This might be one of the most exciting developments we’ve seen yet in recent vitamin D research. As you know, we’re always interested in research that gets into the nitty gritty details of how vitamin D works. The study we’re reporting on in this article represents the first study to find out what the broad genetic response is to vitamin D across the entire human genome. The results were something to really get excited about.
First of all, this was a rigorous experiment designed to the highest levels. The only problem with it was the small number of subjects, which was only 8. So we have to say at the outset that this is an exploratory study that will have to be confirmed by studies that involve large numbers of study participants.
What they found was that supplementing vitamin D3 that resulted in any increase in the blood-serum levels was associated with at least a 1.5-fold alteration in the expression of 291 different genes. That’s a pretty astounding and far-reaching effect. But first, they did notice that there were in particular 66 genes that expressed differently between people whose vitamin D levels were below 20 ng/ml and those whose levels were above that, but after supplementation, the expression of those genes became similar. Seventeen of these genes, such as TRIM27, CD83, COPB2, YRNA and CETN3, have been shown to be important for transcriptional regulation, immune function, response to stress and DNA repair.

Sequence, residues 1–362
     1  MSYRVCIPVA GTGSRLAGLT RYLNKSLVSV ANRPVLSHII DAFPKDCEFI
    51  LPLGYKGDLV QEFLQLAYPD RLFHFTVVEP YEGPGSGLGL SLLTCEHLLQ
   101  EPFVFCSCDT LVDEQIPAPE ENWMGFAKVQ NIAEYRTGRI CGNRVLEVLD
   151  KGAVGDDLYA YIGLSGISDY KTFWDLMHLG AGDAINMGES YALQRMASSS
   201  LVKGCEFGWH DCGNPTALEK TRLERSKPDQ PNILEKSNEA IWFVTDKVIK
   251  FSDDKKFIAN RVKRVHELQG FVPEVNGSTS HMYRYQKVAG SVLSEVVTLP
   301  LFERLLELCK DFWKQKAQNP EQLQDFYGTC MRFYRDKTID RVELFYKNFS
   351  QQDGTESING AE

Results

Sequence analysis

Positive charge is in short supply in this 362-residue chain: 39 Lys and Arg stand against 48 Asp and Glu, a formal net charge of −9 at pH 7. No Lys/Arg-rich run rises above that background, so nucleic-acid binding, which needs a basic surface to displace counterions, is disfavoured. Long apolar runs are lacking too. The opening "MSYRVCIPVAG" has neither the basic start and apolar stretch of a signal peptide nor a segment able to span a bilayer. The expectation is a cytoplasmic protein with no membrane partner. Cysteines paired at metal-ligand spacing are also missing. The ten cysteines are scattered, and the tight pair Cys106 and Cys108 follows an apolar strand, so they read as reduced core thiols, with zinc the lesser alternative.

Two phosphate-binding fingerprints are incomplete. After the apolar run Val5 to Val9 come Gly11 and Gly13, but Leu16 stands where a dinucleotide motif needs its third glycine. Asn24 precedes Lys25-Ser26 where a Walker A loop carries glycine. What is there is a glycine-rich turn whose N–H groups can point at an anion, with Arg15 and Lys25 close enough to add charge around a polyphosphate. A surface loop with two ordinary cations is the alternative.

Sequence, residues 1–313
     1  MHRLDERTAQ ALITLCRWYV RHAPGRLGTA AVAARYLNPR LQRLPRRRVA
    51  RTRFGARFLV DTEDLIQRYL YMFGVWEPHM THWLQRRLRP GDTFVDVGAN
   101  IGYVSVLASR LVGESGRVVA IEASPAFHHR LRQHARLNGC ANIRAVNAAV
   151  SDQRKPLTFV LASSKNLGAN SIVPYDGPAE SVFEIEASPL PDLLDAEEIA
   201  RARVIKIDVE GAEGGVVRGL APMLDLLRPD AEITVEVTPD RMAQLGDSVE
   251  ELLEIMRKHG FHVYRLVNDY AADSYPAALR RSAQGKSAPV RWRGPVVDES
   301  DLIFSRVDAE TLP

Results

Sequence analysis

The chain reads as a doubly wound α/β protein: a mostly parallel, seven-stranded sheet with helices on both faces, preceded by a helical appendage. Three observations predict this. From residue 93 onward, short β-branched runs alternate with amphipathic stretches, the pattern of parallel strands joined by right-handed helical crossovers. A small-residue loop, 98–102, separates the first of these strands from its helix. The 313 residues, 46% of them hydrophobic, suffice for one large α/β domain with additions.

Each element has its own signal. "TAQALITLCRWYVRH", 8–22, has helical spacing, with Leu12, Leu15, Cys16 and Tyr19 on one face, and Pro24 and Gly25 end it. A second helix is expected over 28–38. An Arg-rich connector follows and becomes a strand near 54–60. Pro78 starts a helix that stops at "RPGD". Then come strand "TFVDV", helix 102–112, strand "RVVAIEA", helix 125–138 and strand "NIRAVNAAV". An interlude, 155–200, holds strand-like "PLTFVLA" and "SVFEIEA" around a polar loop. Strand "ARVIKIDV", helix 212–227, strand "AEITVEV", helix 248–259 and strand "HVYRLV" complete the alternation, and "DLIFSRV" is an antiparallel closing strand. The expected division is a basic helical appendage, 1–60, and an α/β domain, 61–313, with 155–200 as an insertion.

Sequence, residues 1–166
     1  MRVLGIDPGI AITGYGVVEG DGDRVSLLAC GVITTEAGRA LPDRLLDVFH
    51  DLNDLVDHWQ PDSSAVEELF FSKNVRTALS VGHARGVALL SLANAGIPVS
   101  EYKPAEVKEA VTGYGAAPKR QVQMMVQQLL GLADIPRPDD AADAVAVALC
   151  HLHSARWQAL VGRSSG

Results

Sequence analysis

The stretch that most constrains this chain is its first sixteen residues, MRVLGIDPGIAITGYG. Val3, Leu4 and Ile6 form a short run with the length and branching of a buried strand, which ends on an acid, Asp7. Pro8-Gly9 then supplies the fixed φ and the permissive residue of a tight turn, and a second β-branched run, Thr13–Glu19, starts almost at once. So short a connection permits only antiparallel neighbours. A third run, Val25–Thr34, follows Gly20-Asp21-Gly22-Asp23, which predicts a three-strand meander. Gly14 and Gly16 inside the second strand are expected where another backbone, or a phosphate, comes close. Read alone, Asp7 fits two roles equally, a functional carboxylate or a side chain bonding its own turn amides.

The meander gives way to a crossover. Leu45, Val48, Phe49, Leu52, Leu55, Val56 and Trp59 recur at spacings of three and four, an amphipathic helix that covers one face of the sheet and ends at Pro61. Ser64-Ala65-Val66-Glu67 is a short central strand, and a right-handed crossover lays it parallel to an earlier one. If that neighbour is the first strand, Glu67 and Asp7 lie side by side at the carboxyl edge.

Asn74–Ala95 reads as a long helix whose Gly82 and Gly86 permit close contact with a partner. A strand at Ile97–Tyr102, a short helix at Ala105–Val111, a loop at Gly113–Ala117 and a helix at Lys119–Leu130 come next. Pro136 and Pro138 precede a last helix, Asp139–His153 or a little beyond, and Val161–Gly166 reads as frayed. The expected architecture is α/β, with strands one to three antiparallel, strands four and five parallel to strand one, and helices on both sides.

What is also very interesting is that it turned out that the starting point of vitamin D levels really didn’t matter, so whether you’re at 10 ng/ml or 40 ng/ml, improving your level of vitamin D improves the expression of these helpful genes. As the study notes, these are genes that are linked to cancer, autoimmune disorders and cardiovascular disease, which makes these finding highly important because it’s the beginning tracking down what the study calls the “…molecular finger prints that help explain the non-skeletal health benefits of vitamin D.”
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